Financial literacy: It's not as easy as ATM
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High-schoolers who don't receive any financial instruction by the time they graduate rarely come across it in college either. However, seminars or noncredit classes are often available. Smith College last year started a series of weekend and evening minicourses as part of its new Women's Financial Education Program, funded by investment bank Goldman Sachs and an alumna who is a partner there.Skip to next paragraph
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A few universities are promoting financial know-how as soon as students walk in the door. Oklahoma State, for instance, added a personal-finance session to its freshman orientation programs.
The University of Wisconsin at Madison last fall initiated "Money Talk," a series of peer-led workshops in freshman dorms. At the end of each session, students participated in a trivia contest, and the winners received $50 US Savings Bonds. The school is also opening a peer financial-counseling service.
What students haven't learned by the end of their formal studies, they need to pick up on their own as adults. An alumna of Columbia University who works as a financial adviser at Salomon Smith Barney in New York has been giving free seminars on financial planning to the Columbia College Women alumnae group. The evening workshops are among its best-attended events. Often the questions from the Ivy League graduates cover the basics of saving, investing, and crafting a personal financial strategy - the very topics that experts say should be introduced in high school.
Despite increased efforts to teach children about personal finance in schools, they still learn about money first and foremost at home. Here are some tips on how parents can help instill financial responsibility:
Speak up about money early and often while your children are growing up. Many parents grew up in households where it was considered improper or impolite to discuss money matters, but times have changed.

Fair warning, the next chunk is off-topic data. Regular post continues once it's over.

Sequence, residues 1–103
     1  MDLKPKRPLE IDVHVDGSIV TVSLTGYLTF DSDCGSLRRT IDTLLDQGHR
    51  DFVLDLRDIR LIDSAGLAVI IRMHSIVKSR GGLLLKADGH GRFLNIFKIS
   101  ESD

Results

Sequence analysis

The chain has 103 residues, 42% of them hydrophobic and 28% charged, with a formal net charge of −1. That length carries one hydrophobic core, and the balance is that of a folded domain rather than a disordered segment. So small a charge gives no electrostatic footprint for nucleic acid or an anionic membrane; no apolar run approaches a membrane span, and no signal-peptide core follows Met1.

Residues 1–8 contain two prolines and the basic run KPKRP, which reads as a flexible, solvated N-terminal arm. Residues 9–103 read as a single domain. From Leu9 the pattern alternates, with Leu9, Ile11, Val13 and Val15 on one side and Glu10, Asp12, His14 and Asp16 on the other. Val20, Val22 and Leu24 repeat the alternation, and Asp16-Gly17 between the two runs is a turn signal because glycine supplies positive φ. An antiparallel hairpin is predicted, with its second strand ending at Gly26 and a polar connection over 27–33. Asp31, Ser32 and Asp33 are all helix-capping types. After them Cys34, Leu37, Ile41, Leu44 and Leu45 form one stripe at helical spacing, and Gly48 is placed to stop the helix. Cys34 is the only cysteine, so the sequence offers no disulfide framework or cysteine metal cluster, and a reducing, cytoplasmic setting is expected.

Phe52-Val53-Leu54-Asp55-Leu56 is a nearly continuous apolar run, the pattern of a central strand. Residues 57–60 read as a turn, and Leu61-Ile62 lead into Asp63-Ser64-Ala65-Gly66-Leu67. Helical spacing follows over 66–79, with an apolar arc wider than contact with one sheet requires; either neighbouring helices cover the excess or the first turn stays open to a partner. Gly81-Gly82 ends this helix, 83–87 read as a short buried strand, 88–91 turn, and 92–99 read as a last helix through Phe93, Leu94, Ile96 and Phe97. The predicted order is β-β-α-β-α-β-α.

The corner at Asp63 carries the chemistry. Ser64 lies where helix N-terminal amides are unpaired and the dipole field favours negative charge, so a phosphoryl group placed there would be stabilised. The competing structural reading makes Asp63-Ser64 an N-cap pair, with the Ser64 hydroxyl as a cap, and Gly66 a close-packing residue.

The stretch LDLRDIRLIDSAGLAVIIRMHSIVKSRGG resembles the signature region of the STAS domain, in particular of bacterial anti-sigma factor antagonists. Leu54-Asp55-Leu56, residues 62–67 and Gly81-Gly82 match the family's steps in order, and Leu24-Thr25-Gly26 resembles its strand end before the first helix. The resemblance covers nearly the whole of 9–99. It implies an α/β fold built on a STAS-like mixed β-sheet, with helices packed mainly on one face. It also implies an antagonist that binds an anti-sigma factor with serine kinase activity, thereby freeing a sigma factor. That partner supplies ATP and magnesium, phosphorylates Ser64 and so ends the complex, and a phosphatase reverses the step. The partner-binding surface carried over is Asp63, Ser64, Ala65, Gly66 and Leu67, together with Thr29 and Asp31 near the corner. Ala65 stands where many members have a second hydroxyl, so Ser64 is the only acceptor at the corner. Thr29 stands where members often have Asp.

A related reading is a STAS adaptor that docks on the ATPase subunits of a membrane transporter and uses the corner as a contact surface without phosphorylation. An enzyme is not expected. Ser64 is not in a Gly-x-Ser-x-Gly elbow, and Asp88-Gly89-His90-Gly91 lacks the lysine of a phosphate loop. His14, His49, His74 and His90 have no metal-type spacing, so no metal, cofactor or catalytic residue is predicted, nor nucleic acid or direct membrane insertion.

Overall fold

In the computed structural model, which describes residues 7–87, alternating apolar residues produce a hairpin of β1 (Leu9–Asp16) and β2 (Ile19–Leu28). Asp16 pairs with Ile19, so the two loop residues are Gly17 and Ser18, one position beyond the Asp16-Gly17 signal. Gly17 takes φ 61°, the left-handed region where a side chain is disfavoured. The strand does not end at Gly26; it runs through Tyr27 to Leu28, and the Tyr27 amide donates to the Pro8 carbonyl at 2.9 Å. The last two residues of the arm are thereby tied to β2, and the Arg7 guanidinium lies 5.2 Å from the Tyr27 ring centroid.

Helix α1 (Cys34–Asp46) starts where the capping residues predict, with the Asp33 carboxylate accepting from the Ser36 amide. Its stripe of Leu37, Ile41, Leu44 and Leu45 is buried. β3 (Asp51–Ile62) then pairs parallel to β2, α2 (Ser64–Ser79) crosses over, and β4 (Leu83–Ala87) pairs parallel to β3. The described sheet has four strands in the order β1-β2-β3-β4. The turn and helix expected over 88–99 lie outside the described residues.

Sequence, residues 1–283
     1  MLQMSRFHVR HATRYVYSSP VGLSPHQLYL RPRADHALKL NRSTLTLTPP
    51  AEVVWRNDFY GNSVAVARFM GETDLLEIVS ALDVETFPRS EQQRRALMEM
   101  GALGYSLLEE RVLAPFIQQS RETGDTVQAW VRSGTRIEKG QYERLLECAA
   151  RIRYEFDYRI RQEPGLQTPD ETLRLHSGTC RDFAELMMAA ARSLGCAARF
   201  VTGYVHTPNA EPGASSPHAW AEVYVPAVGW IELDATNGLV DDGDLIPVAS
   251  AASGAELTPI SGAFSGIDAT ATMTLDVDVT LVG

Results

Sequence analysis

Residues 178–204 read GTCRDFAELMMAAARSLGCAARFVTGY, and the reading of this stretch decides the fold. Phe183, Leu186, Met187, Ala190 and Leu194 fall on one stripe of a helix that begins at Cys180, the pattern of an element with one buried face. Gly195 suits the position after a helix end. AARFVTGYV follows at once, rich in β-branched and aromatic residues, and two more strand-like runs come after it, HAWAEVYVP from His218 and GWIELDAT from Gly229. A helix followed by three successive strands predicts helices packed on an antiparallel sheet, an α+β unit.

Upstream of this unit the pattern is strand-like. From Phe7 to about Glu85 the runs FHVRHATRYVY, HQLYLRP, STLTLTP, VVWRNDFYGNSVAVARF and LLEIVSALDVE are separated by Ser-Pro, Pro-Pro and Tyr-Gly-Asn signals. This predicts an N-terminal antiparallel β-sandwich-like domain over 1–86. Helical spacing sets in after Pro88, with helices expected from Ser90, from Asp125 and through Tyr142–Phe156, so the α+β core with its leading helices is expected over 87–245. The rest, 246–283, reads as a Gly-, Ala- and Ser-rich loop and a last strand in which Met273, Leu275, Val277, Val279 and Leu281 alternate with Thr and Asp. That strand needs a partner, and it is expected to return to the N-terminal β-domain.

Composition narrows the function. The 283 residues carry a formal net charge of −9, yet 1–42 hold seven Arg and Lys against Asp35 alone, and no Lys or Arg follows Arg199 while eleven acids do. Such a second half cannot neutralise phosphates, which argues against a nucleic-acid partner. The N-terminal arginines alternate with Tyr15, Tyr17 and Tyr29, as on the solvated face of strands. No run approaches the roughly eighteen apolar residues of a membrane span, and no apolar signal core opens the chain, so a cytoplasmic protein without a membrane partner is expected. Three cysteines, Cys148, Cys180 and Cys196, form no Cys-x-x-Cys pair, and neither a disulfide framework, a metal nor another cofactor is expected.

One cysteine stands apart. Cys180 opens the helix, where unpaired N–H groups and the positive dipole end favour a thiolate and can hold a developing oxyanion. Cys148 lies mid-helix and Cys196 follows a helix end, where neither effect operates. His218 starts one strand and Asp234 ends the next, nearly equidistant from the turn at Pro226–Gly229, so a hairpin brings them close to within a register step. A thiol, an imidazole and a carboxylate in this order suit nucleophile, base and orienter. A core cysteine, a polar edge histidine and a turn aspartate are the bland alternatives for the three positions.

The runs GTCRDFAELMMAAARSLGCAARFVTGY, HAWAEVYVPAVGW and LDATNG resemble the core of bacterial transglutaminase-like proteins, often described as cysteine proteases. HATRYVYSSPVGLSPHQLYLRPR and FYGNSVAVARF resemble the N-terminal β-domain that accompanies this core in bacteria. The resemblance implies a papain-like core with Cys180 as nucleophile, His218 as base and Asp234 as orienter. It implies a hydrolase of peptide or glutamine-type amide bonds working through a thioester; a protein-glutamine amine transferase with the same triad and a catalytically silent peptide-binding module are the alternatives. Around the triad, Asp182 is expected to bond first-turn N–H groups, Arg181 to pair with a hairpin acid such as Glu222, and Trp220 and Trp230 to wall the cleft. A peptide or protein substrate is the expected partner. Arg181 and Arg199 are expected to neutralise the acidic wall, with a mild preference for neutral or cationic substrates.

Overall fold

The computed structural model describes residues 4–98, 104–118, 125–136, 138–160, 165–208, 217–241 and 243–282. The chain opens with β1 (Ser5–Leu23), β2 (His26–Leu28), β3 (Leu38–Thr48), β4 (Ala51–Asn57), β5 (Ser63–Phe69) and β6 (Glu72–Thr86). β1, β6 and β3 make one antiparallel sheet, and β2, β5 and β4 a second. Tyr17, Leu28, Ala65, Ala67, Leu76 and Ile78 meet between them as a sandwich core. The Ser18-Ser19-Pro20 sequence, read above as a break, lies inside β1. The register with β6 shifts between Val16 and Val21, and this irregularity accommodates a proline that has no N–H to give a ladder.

"People are not doing their children a service if they don't involve them in the family's finances," says Elisabeth Plax, a certified financial planner in the Cleveland, Ohio, area. "Children don't need to know about every bill, because that's not what childhood is about, but parents should talk with children about their own attitudes toward money and explain basic principles of saving and spending."
Make lessons hands-on. "Give children an allowance, and then make them responsible for paying for certain things so they can learn about budgeting and saving," says Michael Gutter, an assistant professor at the University of Wisconsin at Madison. Open a savings account in the child's own name and have him or her make deposits and watch the money grow. When children are older, involve them in investing, perhaps by using mock accounts that some websites offer.
Use outside resources. The Internet offers myriad sites for learning about money. One teacher's favorite website to send students to is www.ntrbonline.org, which is designed for youths by the National Endowment for Financial Education. Another teacher likes www.themint.org. Jump$tart hosts an information clearninghouse on its site (www.jumpstart.org), where parents can search for resources by topic and grade level.
Mr. Gutter recommends the book "Capitate Your Kids: Teaching Your Teens Financial Independence," by John Witcomb (Popcorn Press, $16.95).
Encourage schools to introduce personal finance. "There are countless initiatives to get these things into the schools, but the schools say, 'We don't know if parents want this,' " Gutter says. "Call up your school and tell them you want personal finance taught, or let teachers know during parent-teacher conferences."